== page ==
4 Things Nobody Tells You About Buying a Home Near a State Border

published Dec 17, 2023
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USA, New Jersey, Pennsylvania state line
Credit: Walter Bibikow / Getty Images

When I bought my first home, I moved to a place five minutes away from the Pennsylvania/New Jersey border. I’d lived in the area most of my life and had never really given any thought to what impact living so close to another state would have, other than the benefit of being in close proximity to the shore. And while I quickly learned all about Jersey’s more relaxed rules about alcohol — living on the border allowed me to take advantage of everything from discounted prices to easier access when it was time to stock up for a party — it took a little bit longer to learn about the more important things I should’ve kept in mind when shopping for a home on a state border… especially when it came to living in one state and working in another! 

Filing Taxes Can Get Complicated

There was a downside to living next to another state that had an even bigger impact on my finances: taxes. I ended up crossing the river every day to enter New Jersey for work. And while I knew I had to alter some of my driving habits for my commute — you’re not allowed to pump your own gas in the state, and roundabouts are a bit tricky to master at first — I didn’t find out that there was more to working in another state until tax time came. 

Because I worked in one state and lived in another, I had to file an extra state return. Fortunately, New Jersey and Pennsylvania are good about not double dipping on those income taxes, but it was an extra layer of paperwork that I hadn’t even considered. 

You Can Get a Discount on the Essentials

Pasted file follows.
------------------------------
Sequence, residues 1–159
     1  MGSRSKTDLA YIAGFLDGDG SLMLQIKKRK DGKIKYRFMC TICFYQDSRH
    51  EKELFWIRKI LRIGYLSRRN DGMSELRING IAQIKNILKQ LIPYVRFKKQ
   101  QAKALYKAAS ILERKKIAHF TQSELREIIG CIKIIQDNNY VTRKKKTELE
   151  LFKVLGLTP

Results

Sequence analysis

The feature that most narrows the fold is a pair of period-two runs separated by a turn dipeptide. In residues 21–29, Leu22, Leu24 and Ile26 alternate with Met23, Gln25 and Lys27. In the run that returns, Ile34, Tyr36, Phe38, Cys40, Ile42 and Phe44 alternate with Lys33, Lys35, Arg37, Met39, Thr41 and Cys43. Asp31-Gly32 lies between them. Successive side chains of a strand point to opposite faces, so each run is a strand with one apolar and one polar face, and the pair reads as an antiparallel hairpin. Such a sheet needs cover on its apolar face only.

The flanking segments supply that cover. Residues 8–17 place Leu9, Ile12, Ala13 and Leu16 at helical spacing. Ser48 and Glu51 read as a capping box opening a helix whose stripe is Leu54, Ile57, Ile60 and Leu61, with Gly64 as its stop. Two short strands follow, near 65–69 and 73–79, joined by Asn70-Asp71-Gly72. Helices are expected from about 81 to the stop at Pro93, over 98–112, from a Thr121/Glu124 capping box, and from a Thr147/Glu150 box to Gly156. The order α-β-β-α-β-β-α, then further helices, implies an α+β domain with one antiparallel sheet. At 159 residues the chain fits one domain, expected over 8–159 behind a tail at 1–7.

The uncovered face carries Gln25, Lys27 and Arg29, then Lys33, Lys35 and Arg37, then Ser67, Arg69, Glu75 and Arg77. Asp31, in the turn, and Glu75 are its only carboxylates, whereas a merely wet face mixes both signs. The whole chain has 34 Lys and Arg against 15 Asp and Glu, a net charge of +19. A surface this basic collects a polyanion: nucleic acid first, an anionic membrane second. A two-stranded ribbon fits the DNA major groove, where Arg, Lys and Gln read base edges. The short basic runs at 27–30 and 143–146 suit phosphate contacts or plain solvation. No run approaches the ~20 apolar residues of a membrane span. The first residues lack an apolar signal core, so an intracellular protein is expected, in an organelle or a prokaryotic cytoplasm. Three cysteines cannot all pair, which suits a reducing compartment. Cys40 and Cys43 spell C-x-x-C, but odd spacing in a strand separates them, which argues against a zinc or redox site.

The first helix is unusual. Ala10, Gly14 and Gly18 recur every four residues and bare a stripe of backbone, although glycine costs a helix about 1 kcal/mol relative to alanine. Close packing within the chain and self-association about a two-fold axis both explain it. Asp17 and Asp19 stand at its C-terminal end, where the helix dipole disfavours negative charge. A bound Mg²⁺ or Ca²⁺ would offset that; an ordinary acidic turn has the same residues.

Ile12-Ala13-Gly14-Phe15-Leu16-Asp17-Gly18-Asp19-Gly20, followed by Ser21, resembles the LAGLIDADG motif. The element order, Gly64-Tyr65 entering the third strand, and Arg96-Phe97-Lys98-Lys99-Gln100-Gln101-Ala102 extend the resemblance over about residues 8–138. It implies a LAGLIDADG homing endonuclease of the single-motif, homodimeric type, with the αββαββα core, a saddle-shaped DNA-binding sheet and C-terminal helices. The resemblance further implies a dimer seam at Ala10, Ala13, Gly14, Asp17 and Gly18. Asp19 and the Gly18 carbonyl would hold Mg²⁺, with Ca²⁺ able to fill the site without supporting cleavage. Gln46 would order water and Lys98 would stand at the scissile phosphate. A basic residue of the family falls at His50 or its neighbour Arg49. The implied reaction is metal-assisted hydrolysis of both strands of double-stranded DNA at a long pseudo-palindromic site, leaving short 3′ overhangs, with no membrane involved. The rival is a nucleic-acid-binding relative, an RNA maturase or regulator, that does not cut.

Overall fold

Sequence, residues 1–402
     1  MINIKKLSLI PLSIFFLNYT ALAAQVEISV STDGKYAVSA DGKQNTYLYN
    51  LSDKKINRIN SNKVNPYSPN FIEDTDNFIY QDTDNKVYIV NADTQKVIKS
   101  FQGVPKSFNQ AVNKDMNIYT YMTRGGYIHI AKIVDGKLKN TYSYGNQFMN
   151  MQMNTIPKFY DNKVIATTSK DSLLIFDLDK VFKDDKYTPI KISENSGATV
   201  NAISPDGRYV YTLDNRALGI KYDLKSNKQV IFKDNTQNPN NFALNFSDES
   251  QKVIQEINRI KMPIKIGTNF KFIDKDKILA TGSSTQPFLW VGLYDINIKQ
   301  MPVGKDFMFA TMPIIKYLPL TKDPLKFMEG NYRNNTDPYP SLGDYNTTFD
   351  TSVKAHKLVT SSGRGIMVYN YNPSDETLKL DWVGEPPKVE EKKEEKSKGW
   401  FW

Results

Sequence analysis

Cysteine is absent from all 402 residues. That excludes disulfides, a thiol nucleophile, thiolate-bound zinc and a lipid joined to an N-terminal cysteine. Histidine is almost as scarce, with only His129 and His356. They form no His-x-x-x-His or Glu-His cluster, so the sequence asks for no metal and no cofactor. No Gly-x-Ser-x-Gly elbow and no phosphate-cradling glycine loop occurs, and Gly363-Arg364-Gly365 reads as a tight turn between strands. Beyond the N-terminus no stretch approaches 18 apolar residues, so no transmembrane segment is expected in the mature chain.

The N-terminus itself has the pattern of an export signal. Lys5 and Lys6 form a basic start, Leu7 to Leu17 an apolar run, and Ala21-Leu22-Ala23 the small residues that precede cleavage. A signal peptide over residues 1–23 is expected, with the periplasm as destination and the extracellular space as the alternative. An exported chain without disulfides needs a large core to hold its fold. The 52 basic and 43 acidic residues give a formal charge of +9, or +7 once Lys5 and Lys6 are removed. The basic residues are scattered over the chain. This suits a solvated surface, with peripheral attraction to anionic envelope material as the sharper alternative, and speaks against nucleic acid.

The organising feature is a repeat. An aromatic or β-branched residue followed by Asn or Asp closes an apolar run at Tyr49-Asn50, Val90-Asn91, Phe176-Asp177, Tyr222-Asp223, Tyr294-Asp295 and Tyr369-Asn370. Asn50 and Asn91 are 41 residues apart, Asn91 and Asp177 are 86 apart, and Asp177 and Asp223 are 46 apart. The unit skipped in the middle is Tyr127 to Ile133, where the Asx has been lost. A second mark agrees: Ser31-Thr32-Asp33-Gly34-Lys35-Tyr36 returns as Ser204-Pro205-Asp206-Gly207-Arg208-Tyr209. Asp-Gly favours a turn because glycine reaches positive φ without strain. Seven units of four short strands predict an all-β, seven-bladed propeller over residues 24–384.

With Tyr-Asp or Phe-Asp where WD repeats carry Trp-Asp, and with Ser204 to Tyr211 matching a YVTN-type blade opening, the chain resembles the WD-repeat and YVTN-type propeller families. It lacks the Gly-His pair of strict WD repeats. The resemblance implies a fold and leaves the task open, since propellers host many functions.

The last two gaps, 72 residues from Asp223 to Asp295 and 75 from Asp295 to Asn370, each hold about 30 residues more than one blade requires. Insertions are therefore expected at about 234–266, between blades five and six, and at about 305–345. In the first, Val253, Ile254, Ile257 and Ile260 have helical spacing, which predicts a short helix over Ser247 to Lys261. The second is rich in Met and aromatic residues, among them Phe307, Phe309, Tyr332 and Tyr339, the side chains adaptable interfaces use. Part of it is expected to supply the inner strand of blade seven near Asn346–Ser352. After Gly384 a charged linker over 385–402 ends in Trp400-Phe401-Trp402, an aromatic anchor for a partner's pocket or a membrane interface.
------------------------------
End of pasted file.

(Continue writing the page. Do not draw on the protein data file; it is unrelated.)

When I was younger I was more focused on getting a bargain on alcohol, but there are some other more important things you can get a discount on when you get to choose which state you shop in, and that’s especially true for one Pittsburgh native who says her family frequently pops over to Ohio to shop. 

Not only is gas a little cheaper over the border, but Meg St-Esprit, parenting and travel journalist, says that there are other things her family of six make sure to get from the Buckeye State. “My favorite thing to buy in Ohio though with four kids? Milk! It’s often a lot cheaper due to how Pennsylvania taxes milk,” she says. “When I drove to Ohio to pick up our puppy I tucked him in my coat to run into a Walmart and grab four gallons of milk before heading back to Pennsylvania.” 

And, just like I was running over to Jersey for drinks, St-Esprit says locals in her area sometimes do the same. “For example, their Aldis and Costcos are allowed to sell alcohol, so everyone stocks up on Three-Buck Chuck while in Youngstown.”

The Laws Are Different

St-Esprit also jokes that some people may soon be crossing state lines to take advantage of something else Ohio has to offer: drugs. “Since Ohio just passed recreational marijuana while Penyslvania still lags behind, I’m sure that will become another common state-line-crossing activity.” That’s something to keep in mind when shopping for a home, especially if you’re looking to live somewhere that borders a state with different laws. 

Your Kids May Have Friends from Out of State

Growing up outside of Pittsburgh, St-Esprit says that it was totally normal to cross the border to do daily tasks — although she and her kids both grew up lifting their feet to “jump” state lines when crossing between the two —  in fact, some kids do it twice a day.

“There’s even a public school in our area of Pennsylvania that has students from Pennsylvania and Ohio,” she says. While that may not be the thing that sells you on purchasing a new home, it is good to keep in mind if you’re house hunting with school-aged children because your children could end up traveling out of state for their education which means they will be subject to different rules and regulations from the state where they go to learn. In today’s day and age, that education could be vastly different than what they would’ve received in another state.